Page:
Progressive Christians, sin and Sin

I want to follow up on yesterday's post, about how if we want to understand what Paul means by "salvation" we have to understand the difference between sin and Sin, between sin as a moral performance error versus Sin as an enslaving power.

The point I want to make is one I raise in Reviving Old Scratch, a point about one of the reasons progressive Christians need a vision of spiritual warfare.

Specifically, many progressive Christians don't like penal substitutionary atonement. Consequently, progressive readers probably like the contrast I drew in the last post between sin and Sin. In the shift from sin to Sin the emphasis moves away from moral "mistakes," from the guilt and shame that surround what I called "little s" sin.

And yet, progressives are also ill-equipped to see Sin in its "Capital S" variety as well. For two reasons.

First, as I point out in Reviving Old Scratch, many progressive Christians have a lot of doubts about the supernatural, often doubting even God's existence. Consequently, it's hard for many progressive Christians to wrap their heads around Sin as a cosmic force that enslaves humanity. That view of Sin, Paul's view of Sin, the Christus Victor view of Sin, is too metaphysical.

Second, a lot of progressive Christians are liberal humanists. That's not a criticism, I'm a fan of liberal humanism, but liberal humanism can make reading the Bible difficult. For example, liberal humanists have a very positive and optimistic view of human beings and the world. Because of this, progressive Christians don't like to draw hard moral distinctions between the church and the world, between the saved and the lost. Thus, it's hard for progressive Christians to see humanity and the world as enslaved to dark cosmic forces.

Basically, some work has to be done to wed visions of inclusion and tolerance with the notion that the world is in thrall to Sin, Death and the Devil, and that salvation is emancipation from those forces:

"For he has rescued us from the kingdom of darkness and transferred us into the Kingdom of his dear Son." (Col. 1.13)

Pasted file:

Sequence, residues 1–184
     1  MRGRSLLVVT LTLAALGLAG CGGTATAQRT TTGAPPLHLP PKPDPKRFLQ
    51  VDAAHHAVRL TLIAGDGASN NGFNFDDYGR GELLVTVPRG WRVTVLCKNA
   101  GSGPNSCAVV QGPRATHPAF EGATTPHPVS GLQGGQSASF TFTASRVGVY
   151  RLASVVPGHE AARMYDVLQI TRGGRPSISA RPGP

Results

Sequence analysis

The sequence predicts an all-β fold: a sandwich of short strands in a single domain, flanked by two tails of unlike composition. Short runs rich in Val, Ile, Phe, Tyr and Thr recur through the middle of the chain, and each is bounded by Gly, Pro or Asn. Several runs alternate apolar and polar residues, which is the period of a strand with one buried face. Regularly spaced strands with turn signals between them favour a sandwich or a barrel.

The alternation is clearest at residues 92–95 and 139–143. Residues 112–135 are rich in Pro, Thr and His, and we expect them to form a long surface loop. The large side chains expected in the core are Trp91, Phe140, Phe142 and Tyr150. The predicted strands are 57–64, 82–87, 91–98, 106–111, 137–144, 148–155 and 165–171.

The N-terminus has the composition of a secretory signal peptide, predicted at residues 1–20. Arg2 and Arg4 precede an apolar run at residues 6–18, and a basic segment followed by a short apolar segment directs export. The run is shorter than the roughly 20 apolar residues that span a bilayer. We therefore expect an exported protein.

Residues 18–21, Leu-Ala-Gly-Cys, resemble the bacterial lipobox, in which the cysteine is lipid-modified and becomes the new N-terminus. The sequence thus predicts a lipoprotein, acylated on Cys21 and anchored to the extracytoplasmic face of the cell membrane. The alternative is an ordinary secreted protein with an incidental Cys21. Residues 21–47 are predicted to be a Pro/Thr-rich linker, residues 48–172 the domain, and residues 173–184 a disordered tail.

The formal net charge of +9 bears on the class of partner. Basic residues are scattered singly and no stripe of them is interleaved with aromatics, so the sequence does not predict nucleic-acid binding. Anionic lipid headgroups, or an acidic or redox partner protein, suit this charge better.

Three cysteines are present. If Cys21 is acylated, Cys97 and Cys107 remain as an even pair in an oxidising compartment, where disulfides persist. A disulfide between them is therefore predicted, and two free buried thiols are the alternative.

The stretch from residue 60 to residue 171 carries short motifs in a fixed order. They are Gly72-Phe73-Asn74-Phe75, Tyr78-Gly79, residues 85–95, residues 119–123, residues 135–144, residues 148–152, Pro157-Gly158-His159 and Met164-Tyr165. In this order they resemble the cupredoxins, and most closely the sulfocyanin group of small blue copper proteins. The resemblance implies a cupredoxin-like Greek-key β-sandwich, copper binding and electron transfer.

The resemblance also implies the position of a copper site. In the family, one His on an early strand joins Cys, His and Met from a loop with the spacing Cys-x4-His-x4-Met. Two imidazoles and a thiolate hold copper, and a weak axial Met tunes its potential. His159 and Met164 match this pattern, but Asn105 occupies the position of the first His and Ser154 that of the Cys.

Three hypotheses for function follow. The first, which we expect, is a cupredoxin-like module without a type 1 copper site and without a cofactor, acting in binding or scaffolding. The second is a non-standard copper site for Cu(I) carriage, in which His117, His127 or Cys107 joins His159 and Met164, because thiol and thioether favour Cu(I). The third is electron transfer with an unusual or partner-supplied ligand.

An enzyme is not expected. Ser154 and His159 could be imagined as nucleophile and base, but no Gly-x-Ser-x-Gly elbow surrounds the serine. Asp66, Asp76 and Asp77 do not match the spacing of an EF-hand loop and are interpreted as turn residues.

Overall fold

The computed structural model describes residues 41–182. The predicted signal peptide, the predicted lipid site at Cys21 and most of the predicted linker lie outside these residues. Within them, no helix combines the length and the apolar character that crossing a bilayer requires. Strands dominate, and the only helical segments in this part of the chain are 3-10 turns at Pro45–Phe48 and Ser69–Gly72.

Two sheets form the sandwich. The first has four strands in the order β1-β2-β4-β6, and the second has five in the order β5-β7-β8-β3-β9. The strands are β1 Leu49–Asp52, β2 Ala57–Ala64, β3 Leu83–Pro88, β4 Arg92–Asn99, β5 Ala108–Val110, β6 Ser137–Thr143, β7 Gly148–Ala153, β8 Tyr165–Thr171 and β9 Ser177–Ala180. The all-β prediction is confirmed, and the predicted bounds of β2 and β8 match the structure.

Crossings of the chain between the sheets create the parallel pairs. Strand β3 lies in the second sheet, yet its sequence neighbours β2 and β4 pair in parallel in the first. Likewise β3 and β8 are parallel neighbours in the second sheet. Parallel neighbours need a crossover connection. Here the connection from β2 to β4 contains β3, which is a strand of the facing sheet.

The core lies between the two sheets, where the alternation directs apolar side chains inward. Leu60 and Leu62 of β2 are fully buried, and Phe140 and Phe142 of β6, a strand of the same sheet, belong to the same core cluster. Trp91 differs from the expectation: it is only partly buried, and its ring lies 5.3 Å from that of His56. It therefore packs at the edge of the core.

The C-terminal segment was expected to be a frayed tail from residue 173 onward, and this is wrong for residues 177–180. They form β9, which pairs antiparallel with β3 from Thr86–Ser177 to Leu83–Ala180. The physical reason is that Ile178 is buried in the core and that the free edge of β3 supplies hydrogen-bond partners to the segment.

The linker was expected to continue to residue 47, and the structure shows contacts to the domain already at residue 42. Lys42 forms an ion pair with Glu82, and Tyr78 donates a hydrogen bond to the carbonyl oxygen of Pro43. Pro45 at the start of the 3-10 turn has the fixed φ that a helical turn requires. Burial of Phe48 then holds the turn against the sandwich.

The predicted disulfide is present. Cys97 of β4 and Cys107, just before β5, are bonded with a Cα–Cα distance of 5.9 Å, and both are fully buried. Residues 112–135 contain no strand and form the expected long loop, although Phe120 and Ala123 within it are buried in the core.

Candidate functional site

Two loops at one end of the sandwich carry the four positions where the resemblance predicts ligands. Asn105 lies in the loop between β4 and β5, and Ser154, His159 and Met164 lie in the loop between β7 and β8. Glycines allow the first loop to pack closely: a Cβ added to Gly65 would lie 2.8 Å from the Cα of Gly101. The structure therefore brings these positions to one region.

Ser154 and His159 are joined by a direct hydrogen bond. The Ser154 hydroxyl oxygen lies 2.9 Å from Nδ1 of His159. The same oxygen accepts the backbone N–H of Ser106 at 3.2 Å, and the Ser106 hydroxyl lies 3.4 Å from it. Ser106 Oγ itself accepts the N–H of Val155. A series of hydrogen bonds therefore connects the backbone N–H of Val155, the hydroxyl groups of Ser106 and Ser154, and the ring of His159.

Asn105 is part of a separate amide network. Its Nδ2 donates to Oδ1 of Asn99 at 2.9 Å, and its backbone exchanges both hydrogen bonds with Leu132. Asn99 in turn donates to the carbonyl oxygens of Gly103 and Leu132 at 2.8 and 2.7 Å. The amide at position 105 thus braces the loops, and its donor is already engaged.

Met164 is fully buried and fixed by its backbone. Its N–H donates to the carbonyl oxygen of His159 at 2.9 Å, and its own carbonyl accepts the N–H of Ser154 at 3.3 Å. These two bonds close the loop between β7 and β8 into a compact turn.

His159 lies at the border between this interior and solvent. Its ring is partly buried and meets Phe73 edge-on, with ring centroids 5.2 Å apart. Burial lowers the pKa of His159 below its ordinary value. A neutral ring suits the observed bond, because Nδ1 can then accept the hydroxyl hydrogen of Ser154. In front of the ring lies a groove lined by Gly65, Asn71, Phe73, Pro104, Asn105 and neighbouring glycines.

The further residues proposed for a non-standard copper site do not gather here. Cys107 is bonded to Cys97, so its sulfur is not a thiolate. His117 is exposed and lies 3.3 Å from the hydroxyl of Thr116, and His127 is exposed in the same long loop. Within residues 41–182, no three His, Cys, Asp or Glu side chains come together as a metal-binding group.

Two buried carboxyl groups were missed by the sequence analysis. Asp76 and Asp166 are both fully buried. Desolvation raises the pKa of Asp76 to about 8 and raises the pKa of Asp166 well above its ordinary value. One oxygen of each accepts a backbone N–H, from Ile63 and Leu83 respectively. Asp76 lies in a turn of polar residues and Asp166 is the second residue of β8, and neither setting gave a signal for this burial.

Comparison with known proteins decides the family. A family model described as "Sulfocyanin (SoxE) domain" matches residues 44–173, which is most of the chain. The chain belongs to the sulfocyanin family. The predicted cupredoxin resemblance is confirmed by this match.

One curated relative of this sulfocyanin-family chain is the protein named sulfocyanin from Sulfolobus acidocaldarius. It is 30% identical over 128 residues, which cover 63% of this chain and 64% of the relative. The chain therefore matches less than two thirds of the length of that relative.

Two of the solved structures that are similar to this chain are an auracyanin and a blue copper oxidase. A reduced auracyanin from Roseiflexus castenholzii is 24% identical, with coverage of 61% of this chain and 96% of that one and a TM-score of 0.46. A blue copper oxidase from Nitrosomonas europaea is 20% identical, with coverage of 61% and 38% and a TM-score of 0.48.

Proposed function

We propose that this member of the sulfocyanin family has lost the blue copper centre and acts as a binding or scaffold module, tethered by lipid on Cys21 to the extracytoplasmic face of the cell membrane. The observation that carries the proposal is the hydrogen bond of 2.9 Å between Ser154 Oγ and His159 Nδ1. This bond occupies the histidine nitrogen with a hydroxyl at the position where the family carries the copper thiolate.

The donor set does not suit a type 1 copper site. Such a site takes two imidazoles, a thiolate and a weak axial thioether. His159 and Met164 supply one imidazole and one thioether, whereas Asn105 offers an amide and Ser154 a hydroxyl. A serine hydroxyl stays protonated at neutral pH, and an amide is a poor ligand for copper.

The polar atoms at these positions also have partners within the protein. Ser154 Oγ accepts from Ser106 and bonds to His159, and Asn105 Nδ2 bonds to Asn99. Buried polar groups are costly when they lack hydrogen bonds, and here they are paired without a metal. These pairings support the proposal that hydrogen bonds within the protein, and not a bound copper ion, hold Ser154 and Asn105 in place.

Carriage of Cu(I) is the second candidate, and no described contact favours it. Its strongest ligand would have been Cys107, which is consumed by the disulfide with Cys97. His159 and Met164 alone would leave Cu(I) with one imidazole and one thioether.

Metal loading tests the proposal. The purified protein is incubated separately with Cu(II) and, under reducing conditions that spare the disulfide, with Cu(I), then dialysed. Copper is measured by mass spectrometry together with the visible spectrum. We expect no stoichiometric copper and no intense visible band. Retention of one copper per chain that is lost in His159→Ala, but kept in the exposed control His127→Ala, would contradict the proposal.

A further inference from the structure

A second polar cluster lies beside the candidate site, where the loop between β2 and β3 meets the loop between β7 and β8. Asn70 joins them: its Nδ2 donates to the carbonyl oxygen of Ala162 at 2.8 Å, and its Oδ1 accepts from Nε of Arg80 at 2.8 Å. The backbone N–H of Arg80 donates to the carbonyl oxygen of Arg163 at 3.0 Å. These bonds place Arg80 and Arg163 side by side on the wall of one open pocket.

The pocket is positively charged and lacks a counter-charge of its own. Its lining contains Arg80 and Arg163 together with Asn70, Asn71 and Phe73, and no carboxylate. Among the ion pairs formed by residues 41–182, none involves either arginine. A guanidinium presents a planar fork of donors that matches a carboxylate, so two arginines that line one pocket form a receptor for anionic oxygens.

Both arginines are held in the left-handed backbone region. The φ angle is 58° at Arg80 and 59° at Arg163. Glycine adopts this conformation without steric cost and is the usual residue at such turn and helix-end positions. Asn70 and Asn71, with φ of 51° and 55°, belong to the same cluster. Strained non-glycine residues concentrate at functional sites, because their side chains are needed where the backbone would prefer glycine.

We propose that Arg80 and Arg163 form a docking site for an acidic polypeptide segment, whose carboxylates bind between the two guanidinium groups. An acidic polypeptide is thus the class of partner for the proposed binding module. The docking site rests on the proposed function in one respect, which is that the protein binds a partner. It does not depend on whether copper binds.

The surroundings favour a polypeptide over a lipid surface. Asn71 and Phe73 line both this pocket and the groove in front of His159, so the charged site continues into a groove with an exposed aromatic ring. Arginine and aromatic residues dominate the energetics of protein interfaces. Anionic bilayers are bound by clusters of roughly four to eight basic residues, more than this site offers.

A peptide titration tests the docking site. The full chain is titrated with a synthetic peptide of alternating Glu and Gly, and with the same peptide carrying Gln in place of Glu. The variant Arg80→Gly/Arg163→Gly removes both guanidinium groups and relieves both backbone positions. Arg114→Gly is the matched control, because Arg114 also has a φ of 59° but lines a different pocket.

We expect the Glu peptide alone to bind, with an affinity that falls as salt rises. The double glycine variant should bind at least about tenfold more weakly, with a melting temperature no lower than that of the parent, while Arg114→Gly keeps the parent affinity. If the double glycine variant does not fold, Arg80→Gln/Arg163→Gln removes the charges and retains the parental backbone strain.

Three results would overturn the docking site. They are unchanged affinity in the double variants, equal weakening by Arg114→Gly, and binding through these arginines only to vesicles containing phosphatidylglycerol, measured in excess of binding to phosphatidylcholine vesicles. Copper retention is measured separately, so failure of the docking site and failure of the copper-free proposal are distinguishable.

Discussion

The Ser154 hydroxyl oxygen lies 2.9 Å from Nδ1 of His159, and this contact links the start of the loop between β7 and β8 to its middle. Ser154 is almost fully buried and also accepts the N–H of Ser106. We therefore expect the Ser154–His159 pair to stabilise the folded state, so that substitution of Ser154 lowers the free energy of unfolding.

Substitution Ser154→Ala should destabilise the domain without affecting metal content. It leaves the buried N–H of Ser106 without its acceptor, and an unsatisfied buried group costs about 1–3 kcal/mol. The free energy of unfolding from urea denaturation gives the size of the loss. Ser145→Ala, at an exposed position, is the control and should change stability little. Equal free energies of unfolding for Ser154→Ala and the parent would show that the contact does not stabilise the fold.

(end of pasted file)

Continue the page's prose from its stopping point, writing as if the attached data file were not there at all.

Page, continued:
To anticipate some responses, the easy move for progressives would be to identify "the kingdom of darkness" with current systems of systemic oppression. But that creates subject and verb problems.

The verb problem. The salvation verbs are past tense, not future tense. God has already rescued us from "the kingdom of darkness." This isn't political work for the future. To be sure, there is an "already/not yet" dynamic regarding salvation, salvation has a future-oriented aspect. What I'm speaking to is the "already" part, how the church has already been rescued from "the kingdom of darkness," even in the midst of Imperial Rome, even in the midst of the Trump administration. Can progressives describe what it means that the church has already been rescued from the kingdom of darkness?

The subject problem. God saves us. God is the subject, we are the direct object. Salvation is grace because God is the one who acts unilaterally to save a stuck and hopeless humanity. Our activism cannot, will not, save us in the end. At least that's what Christians believe. We cannot save ourselves. To be sure, we can and must participate in God's salvation, working it out in "fear and trembling," but participation assumes the prior work of God.

In short, if being "rescued from the kingdom of darkness" simply means our political work and activism then we've become the Messiahs we've been looking for, the agents of our own salvation. In the grammar of salvation we've become the subject.

All that to say, making a facile one-to-one correspondence between "the kingdom of darkness" and current oppressive systems doesn't address the issue I'm raising.

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